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Pure Beauty

Judging Race in Japanese American Beauty Pageants

2006
Author:

Rebecca Chiyoko King-O’Riain

Pure Beauty

Examines the question, Who is Japanese American?

Rebecca Chiyoko King-O'Riain studies Japanese American community beauty pageants in San Francisco, Los Angeles, Seattle, and Honolulu to discover how these pageants seek to maintain racial and ethnic purity amid shifting notions of cultural identity. Pure Beauty shows how racial and gendered meanings are enacted through the pageants, and reveals their impact on Japanese American men, women, and children.

Beauty is indeed more than skin deep, and King-O'Riain compellingly interrogates the popular and problematic conflation of race, ethnicity, and culture. Pure Beauty challenges us to think about how racial boundaries are policed, how individuals negotiate them to assert identity claims, and how such 'race work' is judged.

Michael Omi, co-author of Racial Formation in the United States

With a low rate of immigration and a high rate of interracial marriage, Japanese Americans today compose the Asian ethnic group with the largest proportion of mixed-race members. Within Japanese American communities, increased participation by mixed-race members, along with concerns about overassimilation, has led to a search for cultural authenticity, giving new answers to the question, Who is Japanese American?

In Pure Beauty, Rebecca Chiyoko King-O’Riain tackles this question by studying a cultural institution: Japanese American community beauty pageants in San Francisco, Los Angeles, Seattle, and Honolulu. King-O’Riain employs rich ethnographic fieldwork to discover how these pageants seek to maintain racial and ethnic purity amid shifting notions of cultural identity. She uses revealing in-depth interviews with candidates, queens, and community members, her experiences as a pageant committee member, and archival research—including Japanese and English newspapers, museum collections, private photo albums, and mementos—to establish both the importance and impossibility of racial purity. King-O’Riain examines racial eligibility rules and tests, which encompass not only ancestry but also residency, community service, and culture, and traces the history of pageants throughout the United States. Pure Beauty shows how racial and gendered meanings are enacted through the pageants, and reveals their impact on Japanese American men, women, and children.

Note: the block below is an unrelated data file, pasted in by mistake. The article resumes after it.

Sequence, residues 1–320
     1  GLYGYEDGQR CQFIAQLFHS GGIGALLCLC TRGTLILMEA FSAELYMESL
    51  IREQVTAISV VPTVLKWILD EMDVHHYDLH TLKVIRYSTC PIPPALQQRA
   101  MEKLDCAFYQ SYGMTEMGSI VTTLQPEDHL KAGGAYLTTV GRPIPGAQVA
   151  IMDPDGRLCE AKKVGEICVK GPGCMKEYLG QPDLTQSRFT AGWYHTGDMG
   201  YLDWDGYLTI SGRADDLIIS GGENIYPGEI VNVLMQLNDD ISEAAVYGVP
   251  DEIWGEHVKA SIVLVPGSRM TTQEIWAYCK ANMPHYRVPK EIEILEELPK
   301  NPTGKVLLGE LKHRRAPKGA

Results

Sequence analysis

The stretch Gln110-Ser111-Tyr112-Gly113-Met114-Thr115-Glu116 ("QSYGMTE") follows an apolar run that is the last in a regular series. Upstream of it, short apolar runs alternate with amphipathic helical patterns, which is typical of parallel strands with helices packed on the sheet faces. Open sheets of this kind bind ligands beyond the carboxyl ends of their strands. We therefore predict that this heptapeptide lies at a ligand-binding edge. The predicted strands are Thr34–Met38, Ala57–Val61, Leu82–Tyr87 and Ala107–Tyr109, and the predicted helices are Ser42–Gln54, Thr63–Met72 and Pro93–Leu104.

King-O’Riain concludes that the mixed-race challenge to racial understandings of Japanese Americanness does not necessarily mean an end to race as we know it and asserts that race is work-created and re-created in a social context. Ultimately, she determines that the concept of race, fragile though it may be, is still one of the categories by which Japanese Americans are judged.

Pure Beauty

Rebecca Chiyoko King-O’Riain is lecturer in sociology at the National University of Ireland, Maynooth.

Pure Beauty